Hours after a second worker died of injuries suffered in a Chesapeake Energy well fire in South Texas on Wednesday, the Oklahoma City-based company was sued by the mother of the first victim.
KAGS TV in Bryan, Texas reported the lawsuit was filed by Linda Milanovich whose son Windell Beddingfield died from his injuries in the blowout. She filed a temporary restraining order and a temporary injunction against Chesapeake Energy on Friday, a filing that came after the Thursday night death of a second worker. Her lawsuit was filed against the drilling company and the owner of well.
Milanovich, who is being represented by Zehl & Associates PC out of Houston, is requesting Chesapeake maintain evidence such as pictures, audio, video, emails, cell phone records, recordings and any other evidence in the blowout and post investigation. The court documents stated Milanovich is worried the company may try to alter the evidence and asked a judge for the temporary restraining order to stop them from doing these acts.
The announcement of the second death was made by Chesapeake Energy spokesman Gordon Pennoyer in Oklahoma City. But he did not identify the two workers who died in the fire.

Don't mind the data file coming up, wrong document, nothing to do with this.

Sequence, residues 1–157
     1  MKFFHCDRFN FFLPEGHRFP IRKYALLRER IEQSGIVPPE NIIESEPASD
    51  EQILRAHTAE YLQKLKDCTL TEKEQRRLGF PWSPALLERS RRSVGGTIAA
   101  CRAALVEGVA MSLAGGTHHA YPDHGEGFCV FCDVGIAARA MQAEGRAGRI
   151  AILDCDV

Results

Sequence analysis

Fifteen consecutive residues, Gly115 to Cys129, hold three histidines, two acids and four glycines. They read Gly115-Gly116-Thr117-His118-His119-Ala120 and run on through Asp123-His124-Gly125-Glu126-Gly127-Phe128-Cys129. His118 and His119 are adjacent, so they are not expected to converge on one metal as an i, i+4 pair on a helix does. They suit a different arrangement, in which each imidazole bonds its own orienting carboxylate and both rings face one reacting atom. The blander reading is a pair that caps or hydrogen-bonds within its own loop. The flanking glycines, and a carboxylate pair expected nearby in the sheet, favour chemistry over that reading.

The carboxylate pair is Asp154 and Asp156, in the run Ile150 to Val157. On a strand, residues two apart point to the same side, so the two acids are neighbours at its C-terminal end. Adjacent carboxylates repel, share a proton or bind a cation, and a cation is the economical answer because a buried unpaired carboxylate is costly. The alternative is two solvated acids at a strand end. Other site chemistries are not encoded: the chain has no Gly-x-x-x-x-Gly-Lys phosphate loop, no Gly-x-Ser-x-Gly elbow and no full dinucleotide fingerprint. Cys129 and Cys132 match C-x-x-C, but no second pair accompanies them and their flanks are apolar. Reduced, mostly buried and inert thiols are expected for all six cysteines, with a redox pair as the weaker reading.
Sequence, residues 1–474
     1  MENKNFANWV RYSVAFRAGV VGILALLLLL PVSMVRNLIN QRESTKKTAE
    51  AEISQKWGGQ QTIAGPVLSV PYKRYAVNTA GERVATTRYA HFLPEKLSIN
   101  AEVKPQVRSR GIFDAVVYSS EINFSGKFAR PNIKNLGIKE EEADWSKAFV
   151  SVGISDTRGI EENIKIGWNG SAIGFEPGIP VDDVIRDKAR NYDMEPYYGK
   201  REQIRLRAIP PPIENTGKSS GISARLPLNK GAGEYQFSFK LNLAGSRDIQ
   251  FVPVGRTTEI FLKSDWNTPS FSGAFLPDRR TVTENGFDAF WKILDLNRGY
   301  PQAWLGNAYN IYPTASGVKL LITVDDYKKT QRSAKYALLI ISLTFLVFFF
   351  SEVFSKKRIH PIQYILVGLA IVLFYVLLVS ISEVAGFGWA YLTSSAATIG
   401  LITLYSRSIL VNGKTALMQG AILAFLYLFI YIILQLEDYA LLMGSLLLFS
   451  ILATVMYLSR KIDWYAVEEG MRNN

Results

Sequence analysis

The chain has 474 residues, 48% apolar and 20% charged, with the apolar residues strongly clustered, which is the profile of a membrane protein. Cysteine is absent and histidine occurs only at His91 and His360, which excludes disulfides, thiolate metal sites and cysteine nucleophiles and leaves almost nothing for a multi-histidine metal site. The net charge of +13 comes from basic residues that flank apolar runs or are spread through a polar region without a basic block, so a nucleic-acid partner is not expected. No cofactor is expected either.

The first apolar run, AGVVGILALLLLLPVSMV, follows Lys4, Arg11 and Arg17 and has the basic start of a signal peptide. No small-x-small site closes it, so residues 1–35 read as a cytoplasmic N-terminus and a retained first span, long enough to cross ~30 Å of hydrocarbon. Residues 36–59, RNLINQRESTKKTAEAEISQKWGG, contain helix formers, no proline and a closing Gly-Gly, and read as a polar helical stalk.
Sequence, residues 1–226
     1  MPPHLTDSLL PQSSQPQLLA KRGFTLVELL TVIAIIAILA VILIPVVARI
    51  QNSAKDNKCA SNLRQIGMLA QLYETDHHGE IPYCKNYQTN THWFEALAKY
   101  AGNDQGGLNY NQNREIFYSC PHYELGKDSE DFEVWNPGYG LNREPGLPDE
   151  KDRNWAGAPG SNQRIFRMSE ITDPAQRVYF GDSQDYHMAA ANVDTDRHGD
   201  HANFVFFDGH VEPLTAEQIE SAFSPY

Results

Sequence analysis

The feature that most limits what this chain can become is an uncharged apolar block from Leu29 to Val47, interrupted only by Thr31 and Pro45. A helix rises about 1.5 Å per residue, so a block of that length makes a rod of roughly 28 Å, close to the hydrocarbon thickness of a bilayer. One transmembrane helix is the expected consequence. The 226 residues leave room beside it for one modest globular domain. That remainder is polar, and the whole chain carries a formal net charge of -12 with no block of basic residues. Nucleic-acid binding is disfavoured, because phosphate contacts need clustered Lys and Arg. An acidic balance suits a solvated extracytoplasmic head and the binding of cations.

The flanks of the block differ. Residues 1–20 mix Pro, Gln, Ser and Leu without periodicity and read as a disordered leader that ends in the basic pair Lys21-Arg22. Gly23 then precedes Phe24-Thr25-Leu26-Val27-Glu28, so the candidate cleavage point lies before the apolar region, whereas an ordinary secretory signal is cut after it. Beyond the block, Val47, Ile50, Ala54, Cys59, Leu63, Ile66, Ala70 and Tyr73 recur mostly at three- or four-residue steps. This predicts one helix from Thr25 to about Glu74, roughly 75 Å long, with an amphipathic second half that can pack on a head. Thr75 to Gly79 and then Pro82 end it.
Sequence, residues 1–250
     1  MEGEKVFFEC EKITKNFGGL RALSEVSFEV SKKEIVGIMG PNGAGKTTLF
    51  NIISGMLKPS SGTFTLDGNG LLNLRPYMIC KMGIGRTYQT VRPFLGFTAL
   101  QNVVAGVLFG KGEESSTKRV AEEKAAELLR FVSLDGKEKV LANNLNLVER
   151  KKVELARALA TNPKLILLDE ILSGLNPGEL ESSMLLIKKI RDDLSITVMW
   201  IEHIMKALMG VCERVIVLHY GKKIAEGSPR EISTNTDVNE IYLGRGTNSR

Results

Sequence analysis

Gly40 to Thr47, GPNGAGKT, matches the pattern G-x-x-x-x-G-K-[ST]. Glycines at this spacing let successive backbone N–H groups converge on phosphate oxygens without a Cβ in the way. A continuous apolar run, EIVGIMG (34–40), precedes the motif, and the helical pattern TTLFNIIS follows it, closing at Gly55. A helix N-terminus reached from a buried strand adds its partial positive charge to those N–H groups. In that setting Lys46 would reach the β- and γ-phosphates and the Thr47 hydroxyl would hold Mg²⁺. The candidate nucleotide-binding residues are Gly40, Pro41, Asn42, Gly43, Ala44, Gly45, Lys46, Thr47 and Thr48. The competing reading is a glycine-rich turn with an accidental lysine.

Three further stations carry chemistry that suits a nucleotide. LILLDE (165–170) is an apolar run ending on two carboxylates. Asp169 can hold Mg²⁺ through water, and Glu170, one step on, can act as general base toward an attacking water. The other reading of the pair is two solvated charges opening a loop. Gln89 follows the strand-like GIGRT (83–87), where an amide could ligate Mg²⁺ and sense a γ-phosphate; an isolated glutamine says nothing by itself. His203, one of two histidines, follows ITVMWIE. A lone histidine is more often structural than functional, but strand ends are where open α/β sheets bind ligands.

Pennoyer said the blowout happened at the oil well while workover operations were being done by company contractors, C.C. Forbes and Eagle Pressure Control. The fire happened near the Burleson County community of Deanville which is about 70 miles east of Austin, Texas.
Neighbors in the small community are shaken up after the incident.
“My prayers go with them tremendously… But I hope and pray with all of my heart that the ones that survived are going to be able to make a good life,” said Lynne Larkin, a nearby neighbor in Burleson County. “If they’re burned I don’t know. I know they LifeFlighted them but I say prayers for them every day.”
“This is why I don’t want any of this mess on my property,” Larkin said in a video she recorded of the fire and smoke behind her house Wednesday.
Larkin filmed it after she got home that afternoon. She has big concerns about all the drilling. Larkin said Chesapeake Energy wants to drill on her neighbor’s property close to her house.
“[Do] not allow them to come in and ruin your peace and life and have more, more rules and regulations on this stuff. [Do] not let them 200 feet from your house. That’s not far enough,” Larkin said.
While blowouts like this are rare, Larkin still worries about the future.
“I’m scared to death as to what’s going to happen if they put a well in my front yard in front of my house with my children, my grandchildren and my animals,” Larkin said. “The value of my home will go through the floor, but they can come buy it if they want it. That’s the only way I’m going to stop fighting them.”
Source: KBTX TV and KAGS TV